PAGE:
I found a mirror in a charity shop the other day, and decided to bring it home for some experimental play.
Lately I’ve seen lots of ‘mirror play’, based on Emilio Reggio education – and it made me curious…
So I set up some curved rainbow blocks, and some rainbow bamboo blocks, to see what would happen…..
As an adult, I found the mirror with the blocks, fascinating, and relaxing to play around with. The children? They ignored it! All, funnily enough, except Leon (almost 13), who, like myself, found it fascinating and relaxing, to mess about with….
In fact, because of Ted opening a tin of brightly coloured craft items nearby, these became part of the ‘play’, and made it even more fascinating…. Leon amused himself, and me, by making up a ‘land’ of different scenarios…
It was lovely to see Leon enter this world of make believe – even if just to see him re-enter a piece of childhood he has almost left behind – and even if he was just having a little bit of silly fun, telling a silly story, about a teddybears’ picnic with over-sized grapes, a crab and a strange looking snowman, and a hairdressers with an advert outside, etc… 🙂
However, what I wondered to myself was, why did the younger children, specifically Ted, ignore it? Perhaps it was the wrong time of day – after school, the mad rush of kids coming home, and dinner being made (interestingly Leon hadn’t been in school this day) – or perhaps it was exactly that they had been in a ‘busy’ atmosphere, and this makes it more difficult to ‘relax’ and ‘let go’? Or perhaps it just didn’t look interesting enough?!
I often see wonderful and visually appealing activities set out for kids, usually with natural objects, such as pinecones, coloured glass disks, and wooden pieces. I love them. And so do many adults. There’s a sense of ‘peace’ in them.
But what about the children? Are these just activities we ‘set up’ because they appeal to us, and help us get away from that feeling of ‘too much’ and ‘plastic’ and ‘video games’ – and general ‘over stimulus’ that we worry children suffer from nowadays (and too many do) ?
Or are they activities that appeal to certain children at certain ages? I felt sure that Maya, and even Alfie, both who have enjoyed (and still do enjoy) creating fantasy worlds, and playing with small, unusual items would have at least pondered over this. Ted, on the other hand, may just not be this kind of person – he needs to move, and likes to be outside, and have lots of messy sensory play – or perhaps it’s just a little too ‘early’ for him? But Leon was a surprise! 😉 Perhaps it was the sense of relaxation that drew him to it – in this time of copious testing in schools (don’t believe what they say about Swedish schools not testing children – it’s not true!) – rather like an adult’s need to ‘lose themselves’.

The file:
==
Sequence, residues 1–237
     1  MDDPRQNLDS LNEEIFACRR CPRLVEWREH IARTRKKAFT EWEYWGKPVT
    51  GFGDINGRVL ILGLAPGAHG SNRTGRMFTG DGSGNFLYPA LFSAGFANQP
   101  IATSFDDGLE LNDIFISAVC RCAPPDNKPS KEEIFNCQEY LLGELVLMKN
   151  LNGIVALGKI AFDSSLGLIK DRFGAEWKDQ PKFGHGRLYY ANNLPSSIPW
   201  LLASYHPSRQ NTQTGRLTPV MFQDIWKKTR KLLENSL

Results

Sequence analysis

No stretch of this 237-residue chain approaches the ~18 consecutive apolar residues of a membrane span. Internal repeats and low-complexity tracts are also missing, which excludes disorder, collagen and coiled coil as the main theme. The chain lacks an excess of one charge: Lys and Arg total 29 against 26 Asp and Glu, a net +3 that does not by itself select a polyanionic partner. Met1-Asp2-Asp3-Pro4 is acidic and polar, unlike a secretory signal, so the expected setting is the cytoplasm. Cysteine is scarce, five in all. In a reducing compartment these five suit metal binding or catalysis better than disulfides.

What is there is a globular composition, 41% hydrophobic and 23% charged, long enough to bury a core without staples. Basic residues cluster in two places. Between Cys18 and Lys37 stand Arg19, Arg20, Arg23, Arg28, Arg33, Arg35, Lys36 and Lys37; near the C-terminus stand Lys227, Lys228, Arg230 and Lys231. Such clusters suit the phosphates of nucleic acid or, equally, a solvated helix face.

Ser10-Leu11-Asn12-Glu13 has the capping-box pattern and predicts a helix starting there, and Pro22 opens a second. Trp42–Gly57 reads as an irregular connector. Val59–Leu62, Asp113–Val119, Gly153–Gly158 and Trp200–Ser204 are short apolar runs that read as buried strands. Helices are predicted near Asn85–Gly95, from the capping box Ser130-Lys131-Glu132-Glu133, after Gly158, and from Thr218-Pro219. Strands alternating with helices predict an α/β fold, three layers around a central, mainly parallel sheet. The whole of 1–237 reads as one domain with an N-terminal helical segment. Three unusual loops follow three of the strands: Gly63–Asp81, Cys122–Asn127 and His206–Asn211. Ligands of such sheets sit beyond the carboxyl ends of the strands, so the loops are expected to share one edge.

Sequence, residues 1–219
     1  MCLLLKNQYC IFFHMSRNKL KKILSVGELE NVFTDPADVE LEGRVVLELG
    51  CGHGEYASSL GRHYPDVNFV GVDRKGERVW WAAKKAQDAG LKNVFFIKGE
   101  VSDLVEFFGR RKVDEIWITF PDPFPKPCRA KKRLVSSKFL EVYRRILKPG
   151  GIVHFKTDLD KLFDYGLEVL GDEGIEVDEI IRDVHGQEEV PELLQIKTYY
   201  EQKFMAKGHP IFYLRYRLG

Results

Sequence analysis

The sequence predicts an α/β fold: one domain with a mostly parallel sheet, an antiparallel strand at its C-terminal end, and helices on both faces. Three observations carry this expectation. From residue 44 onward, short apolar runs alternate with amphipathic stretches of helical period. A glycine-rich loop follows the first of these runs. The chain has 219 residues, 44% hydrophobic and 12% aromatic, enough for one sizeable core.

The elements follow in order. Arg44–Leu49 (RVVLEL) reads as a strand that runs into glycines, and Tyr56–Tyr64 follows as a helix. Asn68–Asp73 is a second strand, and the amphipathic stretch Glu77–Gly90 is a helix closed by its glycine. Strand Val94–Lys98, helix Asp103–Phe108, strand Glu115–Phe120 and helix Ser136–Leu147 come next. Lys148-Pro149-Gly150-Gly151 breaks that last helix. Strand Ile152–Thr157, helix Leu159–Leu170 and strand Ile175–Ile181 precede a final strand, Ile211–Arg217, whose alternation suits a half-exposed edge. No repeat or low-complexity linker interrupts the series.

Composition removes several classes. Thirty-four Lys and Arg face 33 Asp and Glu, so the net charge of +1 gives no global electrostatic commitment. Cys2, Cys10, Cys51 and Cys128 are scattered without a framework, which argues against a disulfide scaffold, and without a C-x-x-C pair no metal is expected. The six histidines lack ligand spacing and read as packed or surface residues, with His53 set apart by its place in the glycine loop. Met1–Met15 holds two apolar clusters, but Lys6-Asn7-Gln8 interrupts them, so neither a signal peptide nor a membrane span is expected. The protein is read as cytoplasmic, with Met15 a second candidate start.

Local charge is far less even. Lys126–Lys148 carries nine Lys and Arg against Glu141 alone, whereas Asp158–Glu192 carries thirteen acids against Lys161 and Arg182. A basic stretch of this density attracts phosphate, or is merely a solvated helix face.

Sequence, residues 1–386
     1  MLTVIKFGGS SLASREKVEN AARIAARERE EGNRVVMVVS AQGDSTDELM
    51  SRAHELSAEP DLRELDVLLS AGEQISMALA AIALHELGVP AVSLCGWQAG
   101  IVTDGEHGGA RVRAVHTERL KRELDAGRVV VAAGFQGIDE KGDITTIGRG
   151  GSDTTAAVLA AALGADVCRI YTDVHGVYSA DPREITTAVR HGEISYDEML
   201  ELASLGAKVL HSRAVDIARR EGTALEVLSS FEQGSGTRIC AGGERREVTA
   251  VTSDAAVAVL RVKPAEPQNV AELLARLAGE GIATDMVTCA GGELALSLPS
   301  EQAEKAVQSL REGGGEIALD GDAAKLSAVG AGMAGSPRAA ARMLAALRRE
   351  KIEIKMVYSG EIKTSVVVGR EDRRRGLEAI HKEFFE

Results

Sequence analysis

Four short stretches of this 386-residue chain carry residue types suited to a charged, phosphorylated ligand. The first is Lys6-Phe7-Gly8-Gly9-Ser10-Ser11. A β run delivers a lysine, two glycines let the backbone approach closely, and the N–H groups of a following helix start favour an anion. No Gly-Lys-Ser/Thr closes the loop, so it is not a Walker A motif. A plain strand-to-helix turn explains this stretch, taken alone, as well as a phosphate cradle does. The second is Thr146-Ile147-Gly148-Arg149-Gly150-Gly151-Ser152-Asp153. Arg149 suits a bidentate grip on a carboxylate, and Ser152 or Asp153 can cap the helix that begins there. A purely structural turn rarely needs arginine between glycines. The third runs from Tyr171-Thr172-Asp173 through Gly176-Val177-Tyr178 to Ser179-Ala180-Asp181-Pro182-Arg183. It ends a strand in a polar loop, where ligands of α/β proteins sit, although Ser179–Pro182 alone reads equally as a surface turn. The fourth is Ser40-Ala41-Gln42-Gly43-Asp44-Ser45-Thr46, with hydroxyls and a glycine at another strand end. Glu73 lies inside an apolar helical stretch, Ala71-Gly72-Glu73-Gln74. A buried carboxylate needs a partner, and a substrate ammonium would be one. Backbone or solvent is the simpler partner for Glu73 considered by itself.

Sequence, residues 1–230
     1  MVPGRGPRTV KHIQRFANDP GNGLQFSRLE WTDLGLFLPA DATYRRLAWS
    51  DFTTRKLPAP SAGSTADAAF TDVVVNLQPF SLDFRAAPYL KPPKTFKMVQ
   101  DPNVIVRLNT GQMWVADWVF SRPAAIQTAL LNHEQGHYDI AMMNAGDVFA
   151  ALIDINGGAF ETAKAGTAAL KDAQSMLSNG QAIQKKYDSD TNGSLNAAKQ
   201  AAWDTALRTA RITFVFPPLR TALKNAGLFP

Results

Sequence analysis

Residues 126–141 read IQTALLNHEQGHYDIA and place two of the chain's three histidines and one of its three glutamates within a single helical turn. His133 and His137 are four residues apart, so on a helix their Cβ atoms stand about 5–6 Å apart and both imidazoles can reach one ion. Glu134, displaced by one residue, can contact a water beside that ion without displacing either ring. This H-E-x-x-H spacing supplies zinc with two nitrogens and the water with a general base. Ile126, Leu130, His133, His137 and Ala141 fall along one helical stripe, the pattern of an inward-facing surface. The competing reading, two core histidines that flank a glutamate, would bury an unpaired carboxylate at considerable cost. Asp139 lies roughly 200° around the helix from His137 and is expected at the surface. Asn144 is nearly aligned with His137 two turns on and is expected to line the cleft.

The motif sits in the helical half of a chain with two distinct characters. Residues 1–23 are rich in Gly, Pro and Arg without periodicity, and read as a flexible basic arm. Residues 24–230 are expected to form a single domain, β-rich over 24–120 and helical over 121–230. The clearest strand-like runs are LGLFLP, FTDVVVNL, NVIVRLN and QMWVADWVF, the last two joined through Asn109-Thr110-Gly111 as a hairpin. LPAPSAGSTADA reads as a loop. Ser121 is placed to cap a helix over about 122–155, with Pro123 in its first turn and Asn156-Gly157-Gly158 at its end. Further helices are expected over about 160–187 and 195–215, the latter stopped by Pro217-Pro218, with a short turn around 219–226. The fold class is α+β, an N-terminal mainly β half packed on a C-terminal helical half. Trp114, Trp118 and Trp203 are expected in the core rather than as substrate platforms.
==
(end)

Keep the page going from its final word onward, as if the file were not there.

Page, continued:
Then again, I wonder to myself, is it because it was set up by an adult? You see, I’m all for playing with open-ended ‘toys’ – my kids have spent many many hours playing with stones, sticks, tiny pieces of coloured glass, can pulls, etc, etc – but the difference is – they invent this play themselves – it’s their world, their play, and it means something to them – it’s not ‘invented FOR them’. After all, children are born with the most amazing imaginations, and unquenchable creativity – why do we then try to ‘provide’ them with it? I’m not criticising – I’m merely fascinated….why do we do this? Does it help us, as adults, or them, as children?
I, like many other adults, love the look of these set ups, and enjoy setting them up – and I will continue to do so – mainly, in fact, because I am fascinated to see what the children will do – the very thing that attracts me to education, particularly in the early years, before they become ‘moulded’ by convention.
Who knows? Perhaps it just wasn’t the right moment? 🙂